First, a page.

Increasing public awareness of the need to ensure the safety and welfare of children led to the passage of the first Federal child protection legislation, the Child Abuse Prevention and Treatment Act (CAPTA), in 1974. While CAPTA has been amended many times over the years, most recently by the Keeping Children and Families Safe Act of 2003, the purpose of the original legislation remains intact. Today, the Children’s Bureau, Administration for Children and Families, U.S. Department of Health and Human Services, is the Federal agency charged with supporting States, Tribes, and communities in providing programs and services to protect children and strengthen families.
In the early 1980s, Congress made a further commitment to identifying and implementing solutions to child abuse. Recognizing the alarming rate at which children continued to be abused and neglected and the need for innovative programs to prevent child abuse and assist parents and families affected by maltreatment, Congress resolved that the week of June 6-12, 1982, should be designated as the first National Child Abuse Prevention Week. They asked the President to issue a proclamation calling on Government agencies and the public to observe the week with appropriate programs, ceremonies, and activities.
The following year, April was proclaimed the first National Child Abuse Prevention Month. Since then, child abuse and neglect awareness activities have been promoted across the country during April of each year. The Office on Child Abuse and Neglect (OCAN) within the Children’s Bureau coordinates Child Abuse Prevention Month, providing information and releasing updated national statistics about child abuse and neglect each April.
In 1989, the Blue Ribbon Campaign to Prevent Child Abuse began as a Virginia grandmother’s tribute to her grandson who died as a result of abuse. She tied a blue ribbon to the antenna of her car as a way to remember him and to alert her community to the tragedy of child abuse. The Blue Ribbon Campaign has since expanded across the country, and many wear blue ribbons each April in memory of those who have died as a result of child abuse. In other communities, special fundraisers are held to support prevention activities and treatment facilities for victims, and candlelight vigils are held as a remembrance. Most recently, the focus has shifted to a more positive message of celebrating “blue ribbon” individuals, organizations, and communities that have done much to prevent child abuse and neglect.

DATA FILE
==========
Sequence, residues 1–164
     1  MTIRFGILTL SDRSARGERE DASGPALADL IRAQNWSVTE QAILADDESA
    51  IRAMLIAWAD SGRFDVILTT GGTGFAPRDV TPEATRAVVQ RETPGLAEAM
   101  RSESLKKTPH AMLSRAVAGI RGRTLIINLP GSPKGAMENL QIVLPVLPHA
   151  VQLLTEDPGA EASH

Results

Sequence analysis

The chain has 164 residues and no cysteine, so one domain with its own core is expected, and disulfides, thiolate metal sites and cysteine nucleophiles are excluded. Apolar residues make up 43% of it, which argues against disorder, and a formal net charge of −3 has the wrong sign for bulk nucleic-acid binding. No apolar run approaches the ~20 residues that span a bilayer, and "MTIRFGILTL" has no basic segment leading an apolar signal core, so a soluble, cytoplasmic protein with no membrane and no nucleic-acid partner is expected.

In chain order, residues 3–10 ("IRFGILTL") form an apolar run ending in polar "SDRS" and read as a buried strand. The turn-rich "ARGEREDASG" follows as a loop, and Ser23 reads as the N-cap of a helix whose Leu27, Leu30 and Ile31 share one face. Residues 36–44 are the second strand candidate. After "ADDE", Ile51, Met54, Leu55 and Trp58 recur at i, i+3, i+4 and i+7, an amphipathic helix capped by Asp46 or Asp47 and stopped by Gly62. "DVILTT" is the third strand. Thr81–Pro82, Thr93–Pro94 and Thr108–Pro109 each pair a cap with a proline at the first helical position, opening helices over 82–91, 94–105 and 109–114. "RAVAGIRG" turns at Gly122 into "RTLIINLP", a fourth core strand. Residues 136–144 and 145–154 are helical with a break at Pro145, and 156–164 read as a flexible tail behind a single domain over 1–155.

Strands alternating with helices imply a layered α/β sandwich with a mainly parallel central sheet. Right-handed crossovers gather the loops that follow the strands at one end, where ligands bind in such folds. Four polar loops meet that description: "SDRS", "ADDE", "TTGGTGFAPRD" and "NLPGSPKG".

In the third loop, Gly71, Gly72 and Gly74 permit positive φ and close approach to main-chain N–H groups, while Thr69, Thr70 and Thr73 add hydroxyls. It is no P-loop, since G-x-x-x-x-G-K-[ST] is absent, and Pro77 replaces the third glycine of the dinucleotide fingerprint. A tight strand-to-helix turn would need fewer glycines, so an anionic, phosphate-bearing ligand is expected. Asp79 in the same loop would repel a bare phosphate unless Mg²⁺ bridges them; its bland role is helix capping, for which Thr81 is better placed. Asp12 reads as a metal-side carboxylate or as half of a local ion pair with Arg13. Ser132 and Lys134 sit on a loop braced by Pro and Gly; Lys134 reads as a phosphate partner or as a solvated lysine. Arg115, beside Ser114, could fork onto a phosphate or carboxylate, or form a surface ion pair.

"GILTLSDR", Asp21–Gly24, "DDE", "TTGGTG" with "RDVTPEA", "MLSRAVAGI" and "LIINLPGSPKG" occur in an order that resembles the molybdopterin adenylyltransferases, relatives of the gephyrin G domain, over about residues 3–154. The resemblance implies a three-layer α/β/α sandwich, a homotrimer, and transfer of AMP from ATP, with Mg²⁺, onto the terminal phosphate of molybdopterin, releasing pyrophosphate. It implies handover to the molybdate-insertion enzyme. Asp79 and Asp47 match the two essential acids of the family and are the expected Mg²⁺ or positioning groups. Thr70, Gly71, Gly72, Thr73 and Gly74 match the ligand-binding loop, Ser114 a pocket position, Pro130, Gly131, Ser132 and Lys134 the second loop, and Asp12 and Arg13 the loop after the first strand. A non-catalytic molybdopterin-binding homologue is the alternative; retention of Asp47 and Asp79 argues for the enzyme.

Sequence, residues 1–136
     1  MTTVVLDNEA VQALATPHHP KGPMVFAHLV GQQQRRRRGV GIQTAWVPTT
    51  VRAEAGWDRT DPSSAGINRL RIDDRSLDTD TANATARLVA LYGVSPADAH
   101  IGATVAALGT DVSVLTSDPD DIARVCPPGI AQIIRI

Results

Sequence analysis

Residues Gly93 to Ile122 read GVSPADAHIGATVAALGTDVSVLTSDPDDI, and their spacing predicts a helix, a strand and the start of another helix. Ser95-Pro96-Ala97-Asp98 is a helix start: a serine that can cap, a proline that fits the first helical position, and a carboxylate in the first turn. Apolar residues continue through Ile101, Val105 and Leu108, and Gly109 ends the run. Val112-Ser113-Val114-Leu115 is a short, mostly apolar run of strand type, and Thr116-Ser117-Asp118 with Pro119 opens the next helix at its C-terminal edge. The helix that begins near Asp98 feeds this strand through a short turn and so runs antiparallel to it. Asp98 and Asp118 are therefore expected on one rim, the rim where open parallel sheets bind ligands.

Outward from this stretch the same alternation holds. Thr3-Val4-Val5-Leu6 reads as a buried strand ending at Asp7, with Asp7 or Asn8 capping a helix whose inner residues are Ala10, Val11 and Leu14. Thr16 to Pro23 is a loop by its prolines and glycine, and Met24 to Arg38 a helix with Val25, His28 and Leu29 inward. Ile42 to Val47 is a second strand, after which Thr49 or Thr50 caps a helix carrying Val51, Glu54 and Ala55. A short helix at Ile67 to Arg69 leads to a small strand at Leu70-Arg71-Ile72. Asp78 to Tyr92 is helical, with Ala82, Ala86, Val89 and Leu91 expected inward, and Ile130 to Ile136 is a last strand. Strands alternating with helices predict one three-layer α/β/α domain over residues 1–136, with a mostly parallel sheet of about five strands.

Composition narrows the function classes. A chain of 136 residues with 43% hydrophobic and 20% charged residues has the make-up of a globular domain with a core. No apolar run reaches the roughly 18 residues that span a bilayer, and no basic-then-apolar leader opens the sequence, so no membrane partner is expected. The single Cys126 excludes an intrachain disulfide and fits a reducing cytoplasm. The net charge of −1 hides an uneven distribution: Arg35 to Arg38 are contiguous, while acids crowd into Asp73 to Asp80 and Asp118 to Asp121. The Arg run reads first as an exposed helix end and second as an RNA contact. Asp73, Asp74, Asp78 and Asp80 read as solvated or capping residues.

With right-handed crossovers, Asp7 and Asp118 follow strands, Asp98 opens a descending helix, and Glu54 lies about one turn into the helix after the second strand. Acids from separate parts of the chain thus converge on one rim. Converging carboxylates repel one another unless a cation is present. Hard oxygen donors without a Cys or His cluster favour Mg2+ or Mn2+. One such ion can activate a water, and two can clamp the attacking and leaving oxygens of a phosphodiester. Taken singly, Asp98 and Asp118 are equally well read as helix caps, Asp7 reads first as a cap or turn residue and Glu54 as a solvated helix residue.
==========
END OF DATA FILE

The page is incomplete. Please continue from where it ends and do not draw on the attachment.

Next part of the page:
In Title II of the CAPTA amendments of 1996, the Children’s Bureau was charged with identifying a lead agency in each State for Community-Based Child Abuse Prevention (CBCAP) grants. These grants support the development, operation, and expansion of initiatives to prevent child abuse and neglect, as well as the coordination of resources and activities to strengthen and support families to reduce the likelihood of child maltreatment. CBCAP grantees within each State often take a leadership role in coordinating special events and preparing materials to support Child Abuse Prevention Month. Regardless of their role, CBCAP grantees are required to report annually on their Child Abuse Prevention Month activities.
In 2003, as part of the 20th anniversary of the original Presidential Proclamation designating April as Child Abuse Prevention Month, OCAN recast the National Child Abuse Prevention Initiative as a year-long effort. This initiative was launched at the 14th National Conference on Child Abuse and Neglect, which was devoted to the theme of prevention. A national press conference there was the setting for the release of the publication Emerging Practices in the Prevention of Child Abuse and Neglect.
The expansion of the Child Abuse Prevention Initiative was consistent with priorities of the Administration for Children and Families and the U.S. Department of Health and Human Services. OCAN and Child Welfare Information Gateway (formerly, the National Clearinghouse on Child Abuse and Neglect Information) partnered with the broad child abuse prevention community to raise awareness of the issue through a variety of tools, resources, activities, and public awareness events. Many of these materials, such as the annual Resource Guide, have been made available in print and on the web to related Federal agencies, organizations, and concerned citizens in communities nationwide.
In 2004, there was emerging consensus among national child abuse prevention organizations and related Federal agencies that building public will for child abuse prevention required engaging the public in efforts to strengthen and support families and enhance parenting skills. Building on this national momentum, OCAN shifted the focus of its child abuse prevention resources to incorporate a family-strengthening message promoting parenting and community support. Today, the Child Abuse Prevention Initiative is an opportunity for communities across the country to keep children safe, provide the support families need to stay together, and raise children and youth to be happy, secure, and stable adults.